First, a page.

Attention Deficit Hyperactivity Disorder

Have you explored, thought about, “What is distracting you?”

“A persistent pattern of inattention and hyperactivity-impulsivity that interferes with functioning or development, as characterized” by lack of attention that occurs in multiple environments; lasting longer than six months without traumatic episode; and consisting of both hyperactivity and impulsivity (American Psychiatric Association. (DSM V)

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Cheri Moore supports emotional health while building an individualized intervention plan to improve your ability to respond and maintain progress after therapy.

 

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“The brain does what it needs to develop and promote feelings of safety. Movement may be exactly what your child needs to stimulate the brain due to a deficit like a hidden hearing loss; chronic poor ear health, or visual processing difficulties.”

 

Sounds are Distracting

Background competing speech can distract attention, especially when heard louder and more clearly than speech.

For example, have you ever tried to have a conversation while washing dishes?  Thus, the running water and having your back turned to the person talking makes it more difficult to listen. Imagine feeling like this all day long, especially in a classroom.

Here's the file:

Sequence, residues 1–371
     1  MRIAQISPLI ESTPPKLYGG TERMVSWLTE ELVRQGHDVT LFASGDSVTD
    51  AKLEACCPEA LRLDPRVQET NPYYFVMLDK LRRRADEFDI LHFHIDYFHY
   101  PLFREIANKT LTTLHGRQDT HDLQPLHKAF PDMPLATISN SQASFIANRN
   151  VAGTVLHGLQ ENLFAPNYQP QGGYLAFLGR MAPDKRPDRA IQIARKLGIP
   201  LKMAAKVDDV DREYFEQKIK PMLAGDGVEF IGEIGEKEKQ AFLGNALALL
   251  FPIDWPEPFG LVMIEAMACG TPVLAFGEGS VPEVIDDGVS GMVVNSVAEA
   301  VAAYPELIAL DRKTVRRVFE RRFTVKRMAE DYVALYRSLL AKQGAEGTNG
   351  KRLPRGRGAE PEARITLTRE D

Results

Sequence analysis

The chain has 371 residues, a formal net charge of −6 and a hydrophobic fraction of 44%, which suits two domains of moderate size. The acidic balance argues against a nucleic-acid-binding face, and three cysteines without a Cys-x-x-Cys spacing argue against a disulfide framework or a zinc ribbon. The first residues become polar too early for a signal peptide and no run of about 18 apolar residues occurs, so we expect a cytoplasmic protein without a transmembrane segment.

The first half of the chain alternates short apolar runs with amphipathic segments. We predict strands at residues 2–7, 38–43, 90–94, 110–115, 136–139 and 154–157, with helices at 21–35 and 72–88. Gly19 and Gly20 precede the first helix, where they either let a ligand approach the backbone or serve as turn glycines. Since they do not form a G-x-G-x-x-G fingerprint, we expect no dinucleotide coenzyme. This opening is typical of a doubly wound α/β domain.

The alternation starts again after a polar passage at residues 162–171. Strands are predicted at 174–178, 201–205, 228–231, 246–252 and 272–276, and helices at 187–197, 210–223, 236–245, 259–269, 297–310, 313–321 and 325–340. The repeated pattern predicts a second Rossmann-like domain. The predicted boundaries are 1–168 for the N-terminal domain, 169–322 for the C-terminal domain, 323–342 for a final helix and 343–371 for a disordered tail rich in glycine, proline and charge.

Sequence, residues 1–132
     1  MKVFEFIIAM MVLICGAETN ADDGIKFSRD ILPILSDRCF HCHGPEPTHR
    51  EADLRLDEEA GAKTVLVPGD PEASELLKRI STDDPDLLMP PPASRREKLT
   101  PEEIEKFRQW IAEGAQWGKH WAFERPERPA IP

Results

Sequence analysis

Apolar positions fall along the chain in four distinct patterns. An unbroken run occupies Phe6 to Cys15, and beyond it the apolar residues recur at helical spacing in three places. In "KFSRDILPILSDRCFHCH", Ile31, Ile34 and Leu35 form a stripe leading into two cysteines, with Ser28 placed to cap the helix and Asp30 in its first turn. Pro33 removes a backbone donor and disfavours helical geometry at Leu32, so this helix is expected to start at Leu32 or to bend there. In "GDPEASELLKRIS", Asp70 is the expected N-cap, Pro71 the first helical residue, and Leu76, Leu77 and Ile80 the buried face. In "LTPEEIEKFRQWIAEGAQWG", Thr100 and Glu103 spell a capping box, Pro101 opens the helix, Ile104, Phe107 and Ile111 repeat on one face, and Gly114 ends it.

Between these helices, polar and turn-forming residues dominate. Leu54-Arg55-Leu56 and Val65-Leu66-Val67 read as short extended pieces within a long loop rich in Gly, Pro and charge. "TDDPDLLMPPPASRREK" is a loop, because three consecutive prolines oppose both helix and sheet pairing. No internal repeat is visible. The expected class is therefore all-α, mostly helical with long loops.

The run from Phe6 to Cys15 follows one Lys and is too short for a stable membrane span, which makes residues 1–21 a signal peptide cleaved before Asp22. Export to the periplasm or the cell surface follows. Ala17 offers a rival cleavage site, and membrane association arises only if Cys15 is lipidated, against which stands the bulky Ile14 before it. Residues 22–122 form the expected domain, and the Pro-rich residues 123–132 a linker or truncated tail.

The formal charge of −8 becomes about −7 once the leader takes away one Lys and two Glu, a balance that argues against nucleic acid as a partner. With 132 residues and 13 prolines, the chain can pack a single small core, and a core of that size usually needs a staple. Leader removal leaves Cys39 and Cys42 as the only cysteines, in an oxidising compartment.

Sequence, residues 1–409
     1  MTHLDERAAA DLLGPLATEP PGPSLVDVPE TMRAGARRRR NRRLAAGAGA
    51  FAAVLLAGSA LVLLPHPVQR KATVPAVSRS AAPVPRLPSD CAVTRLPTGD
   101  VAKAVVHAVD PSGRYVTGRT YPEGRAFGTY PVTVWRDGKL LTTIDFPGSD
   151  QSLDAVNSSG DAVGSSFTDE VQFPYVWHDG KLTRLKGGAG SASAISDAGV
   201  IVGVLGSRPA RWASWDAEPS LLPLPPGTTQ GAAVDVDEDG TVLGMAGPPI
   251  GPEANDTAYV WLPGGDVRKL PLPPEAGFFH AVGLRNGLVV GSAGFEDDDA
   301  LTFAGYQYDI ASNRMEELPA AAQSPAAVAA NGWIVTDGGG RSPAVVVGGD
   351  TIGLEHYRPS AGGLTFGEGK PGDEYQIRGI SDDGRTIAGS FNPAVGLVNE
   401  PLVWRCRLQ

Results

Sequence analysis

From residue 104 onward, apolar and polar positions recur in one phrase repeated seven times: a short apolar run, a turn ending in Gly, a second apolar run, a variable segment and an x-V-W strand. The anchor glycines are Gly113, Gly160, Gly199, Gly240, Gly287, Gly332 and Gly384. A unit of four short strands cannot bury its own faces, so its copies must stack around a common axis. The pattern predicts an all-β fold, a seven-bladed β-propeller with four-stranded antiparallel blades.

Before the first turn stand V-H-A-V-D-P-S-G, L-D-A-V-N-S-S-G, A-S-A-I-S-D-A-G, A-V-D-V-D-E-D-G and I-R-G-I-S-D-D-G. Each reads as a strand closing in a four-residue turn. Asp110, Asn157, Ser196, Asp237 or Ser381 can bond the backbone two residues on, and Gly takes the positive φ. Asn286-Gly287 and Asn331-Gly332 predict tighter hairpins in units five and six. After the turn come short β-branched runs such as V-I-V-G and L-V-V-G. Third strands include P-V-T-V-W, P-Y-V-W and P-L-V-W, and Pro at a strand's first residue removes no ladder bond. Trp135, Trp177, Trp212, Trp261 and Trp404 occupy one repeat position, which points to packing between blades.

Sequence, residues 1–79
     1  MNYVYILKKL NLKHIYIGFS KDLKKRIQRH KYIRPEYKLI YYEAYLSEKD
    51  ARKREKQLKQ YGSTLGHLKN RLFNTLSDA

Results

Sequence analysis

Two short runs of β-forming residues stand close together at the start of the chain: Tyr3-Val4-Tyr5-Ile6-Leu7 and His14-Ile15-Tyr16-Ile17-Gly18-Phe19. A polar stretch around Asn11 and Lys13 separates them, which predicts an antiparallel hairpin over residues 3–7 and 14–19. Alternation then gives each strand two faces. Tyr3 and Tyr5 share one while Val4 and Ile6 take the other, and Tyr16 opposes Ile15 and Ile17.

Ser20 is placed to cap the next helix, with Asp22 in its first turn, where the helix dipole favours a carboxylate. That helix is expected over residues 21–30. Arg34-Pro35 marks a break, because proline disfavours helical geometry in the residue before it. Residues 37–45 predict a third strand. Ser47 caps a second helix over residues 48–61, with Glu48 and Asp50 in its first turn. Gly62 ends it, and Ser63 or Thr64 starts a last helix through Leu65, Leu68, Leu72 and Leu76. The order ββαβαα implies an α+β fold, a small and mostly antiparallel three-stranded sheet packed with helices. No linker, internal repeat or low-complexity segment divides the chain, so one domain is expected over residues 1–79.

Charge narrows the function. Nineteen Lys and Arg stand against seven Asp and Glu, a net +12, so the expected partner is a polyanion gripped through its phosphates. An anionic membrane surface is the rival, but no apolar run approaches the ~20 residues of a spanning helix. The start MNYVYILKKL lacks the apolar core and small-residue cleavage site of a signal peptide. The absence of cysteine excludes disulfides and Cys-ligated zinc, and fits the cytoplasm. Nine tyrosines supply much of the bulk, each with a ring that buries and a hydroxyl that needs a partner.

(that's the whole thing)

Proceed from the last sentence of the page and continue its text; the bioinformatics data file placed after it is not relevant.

Contrary to what most people believe, a weak auditory system results in an inability to ignore sounds.

To illustrate why this happens think about the muscles in your legs. What happens if you suddenly start running two miles after spending the winter reclining in your favorite chair? Basically, you are out-of-shape. While running your legs start to hurt. At some point, the pain in your legs will cause you to stop running.

In the same way, an individual experiences discomfort from sounds.

With Cheri’s help you can understand confounding behaviors.

Auditory Integration Training Improves Attention

During auditory integration training, parents shared that their child’s behaviors became noticeably calmer with improved attention. However, hyperactivity increased once they finished their listening program.

 Six months later after completion of the second listening program, parents and educators saw continuing improvements in attention and listening behaviors.

Researchers found that it takes time for auditory neural pathways to become strong enough to noticeably change behaviors. Berard-based Auditory Integration Training improves attention in those with a neurodevelopmental diagnosis like Attention Deficit Hyperactivity Disorder.

Movement Calms and Develops the Brain

The brain prompts you to move! Hyperactivity, movement, is seeking behavior giving the brain   exactly what it needs for development and emotional health.

Researchers found that repetitive movements are calming and that stimulating movement energizes the brain increasing alertness.

A simplified explanation, vestibular play calms the brain by pushing stimulation in a predictable pattern to the brain.   Thus, the next time you feel uptight or stressed, I encourage you to enjoy repetitious movement like,

  • Steadily rock in a rocking chair